If you’ve been wanting to buy a new home but your credit score is stuck at 580…
You may be in luck!
Home loans may be available to borrowers with a 580 credit score.
In this article we’re going to explore mortgage options for home buyers with a 580 FICO score.
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What are FHA loans?
The Federal Housing Administration was created in 1934 to help encourage home ownership in America. The FHA does not offer the loans, they just insure the mortgage loan in the event the borrower defaults on the mortgage.
Because the mortgage is FHA-insured lenders are more willing to work with borrowers with lower credit scores, low income, or other traditionally high risk borrowers.
580 Credit Score with a 3.5% Down Payment
The FHA will back a loan for borrowers with a 500 credit score and a 90% loan-to-value ratio, which is 10% down. Although FHA lenders do not have to go by the FHA’s guidelines, and most have their own minimum FICO credit score guidelines they follow.
If a borrower has a 580 credit score then the FHA will insure the loan with just a 3.5% down payment. Again, lenders do not have to follow the FHA guidelines. Many mortgage companies require a 620 credit score for FHA loans. However, there are some lenders who can approved home loans with a 580 credit score.
VA home loans are a benefit afforded to Veterans of the U.S. Military. If you’re eligible for a VA loan you won’t even need a down payment. In fact, VA loans are the cheapest type of mortgage loan available because they don’t require mortgage insurance.
Even though the Veterans Administration does not have a minimum credit score requirement most lenders require a 620 score. Some VA lenders may be able to work with a 580 credit score if you have certain compensating factors.
Compensating Factors for Bad Credit
- Large down payment of 10% or more (low loan-to-value ratio)
- High income (low debt-to-income ratio)
- Large amount of funds in reserves
- More than 5 years with the same employer
Raising Your Credit Score Before Applying
If you have bad credit then the best thing you can do to increase your odds of getting approved is to improve your credit rating. There are a few strategies you can use that could increase your score quickly.
Pay down your credit card balances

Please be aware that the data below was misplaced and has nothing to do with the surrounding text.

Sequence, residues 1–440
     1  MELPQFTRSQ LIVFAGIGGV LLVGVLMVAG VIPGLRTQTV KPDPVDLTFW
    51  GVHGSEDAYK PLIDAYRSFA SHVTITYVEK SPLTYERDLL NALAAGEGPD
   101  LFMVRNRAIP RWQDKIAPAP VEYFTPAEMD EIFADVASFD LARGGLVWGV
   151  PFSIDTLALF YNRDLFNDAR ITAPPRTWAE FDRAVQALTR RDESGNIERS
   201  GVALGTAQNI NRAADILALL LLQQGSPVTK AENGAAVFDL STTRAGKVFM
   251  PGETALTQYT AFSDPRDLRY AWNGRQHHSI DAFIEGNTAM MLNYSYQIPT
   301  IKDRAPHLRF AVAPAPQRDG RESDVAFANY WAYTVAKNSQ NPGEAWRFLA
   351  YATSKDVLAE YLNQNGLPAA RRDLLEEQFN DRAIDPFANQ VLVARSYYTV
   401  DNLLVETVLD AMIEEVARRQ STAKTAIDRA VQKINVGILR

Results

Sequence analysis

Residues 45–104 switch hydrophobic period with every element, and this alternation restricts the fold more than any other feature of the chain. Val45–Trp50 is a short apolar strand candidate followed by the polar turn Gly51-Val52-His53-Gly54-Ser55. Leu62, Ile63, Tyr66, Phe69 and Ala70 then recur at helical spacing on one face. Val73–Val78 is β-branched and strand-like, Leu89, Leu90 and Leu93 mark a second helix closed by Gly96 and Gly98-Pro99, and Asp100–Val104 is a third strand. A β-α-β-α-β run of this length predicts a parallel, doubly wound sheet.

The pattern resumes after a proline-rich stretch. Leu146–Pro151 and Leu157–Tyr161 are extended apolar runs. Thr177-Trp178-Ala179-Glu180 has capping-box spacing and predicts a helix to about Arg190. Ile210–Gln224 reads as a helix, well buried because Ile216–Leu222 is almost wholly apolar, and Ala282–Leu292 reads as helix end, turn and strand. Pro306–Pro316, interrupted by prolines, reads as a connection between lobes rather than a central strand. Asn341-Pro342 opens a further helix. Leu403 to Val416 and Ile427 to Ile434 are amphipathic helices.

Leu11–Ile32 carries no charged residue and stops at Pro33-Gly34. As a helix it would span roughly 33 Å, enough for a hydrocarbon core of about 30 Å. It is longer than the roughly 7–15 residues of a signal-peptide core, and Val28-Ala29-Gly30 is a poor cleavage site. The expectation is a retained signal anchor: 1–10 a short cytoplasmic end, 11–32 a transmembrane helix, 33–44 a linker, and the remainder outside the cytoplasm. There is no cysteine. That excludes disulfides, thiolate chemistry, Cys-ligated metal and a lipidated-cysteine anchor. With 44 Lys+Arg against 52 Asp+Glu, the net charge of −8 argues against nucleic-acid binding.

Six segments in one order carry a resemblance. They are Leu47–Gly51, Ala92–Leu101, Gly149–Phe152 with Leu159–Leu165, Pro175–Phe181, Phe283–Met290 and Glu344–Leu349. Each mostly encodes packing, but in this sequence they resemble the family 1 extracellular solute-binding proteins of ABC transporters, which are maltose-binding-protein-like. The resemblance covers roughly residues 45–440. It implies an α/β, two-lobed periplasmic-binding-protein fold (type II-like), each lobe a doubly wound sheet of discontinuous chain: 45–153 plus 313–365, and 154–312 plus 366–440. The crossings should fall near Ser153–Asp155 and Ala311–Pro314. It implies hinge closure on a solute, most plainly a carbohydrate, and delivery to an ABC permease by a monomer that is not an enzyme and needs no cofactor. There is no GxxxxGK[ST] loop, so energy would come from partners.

Your credit utilization ratio is the amount of available credit you have used up on your credit card accounts.
For example if you have a credit card with a $10,000 credit limit and your balance is $5,000 your credit utilization ratio is 50%. You want to try to keep your balances no higher than 15% of the limit.
Dispute Negative Account Information
You’re able to dispute anything on your credit report. Even if you have a late payment or collection account that is actually accurate you can still dispute it with the three major credit bureaus.
The credit bureau has 30 days to complete an investigation and validate the reporting is accurate or else they must remove it by law.
After the 30 days has elapsed you will receive a letter with the results of the investigation. You may be surprised to find out that negative information is deleted all the time.
Credit Bureau Dispute Information
Consumer Dispute Center
P.O. Box 2000
Chester, PA 19016
Phone: 800-916-8800 – 8am-11pm EST
P.O. Box 4500
Allen, TX 75013
Phone: (714) 830-7000
Equifax Information Services LLC
P.O. Box 740256
Atlanta, GA 30374
Phone: (800) 846-5279
What is considered a bad credit score
A bad credit score is typically defined as anything below 580. A good credit score is usually in the 680-720 range. Here are the credit score ranges.
- 579 or under = Bad credit
- 580-619 = Poor credit
- 620-679 = Fair credit
- 680-719 = Good credit
- 720 and higher = Excellent credit
Get Your Free Credit Report and Score
In order to know where you stand you need to have a copy of your credit report. You can get a free report once a year at the Government website www.annualcreditreport.com.
Once you have your report check for any errors in your personal information or credit history. If you notice anything that is inaccurate you can dispute it with the credit bureaus directly.
You can also get your credit scores for free online. These sites allow you to monitor your credit history and scores completely free.
How Your Credit Score is Calculated
Your FICO credit score is calculated using an algorithm by FICO, the credit scoring company. Certain items in your credit history, such as payment history, credit inquiries, and even credit card balances make up your overall credit rating.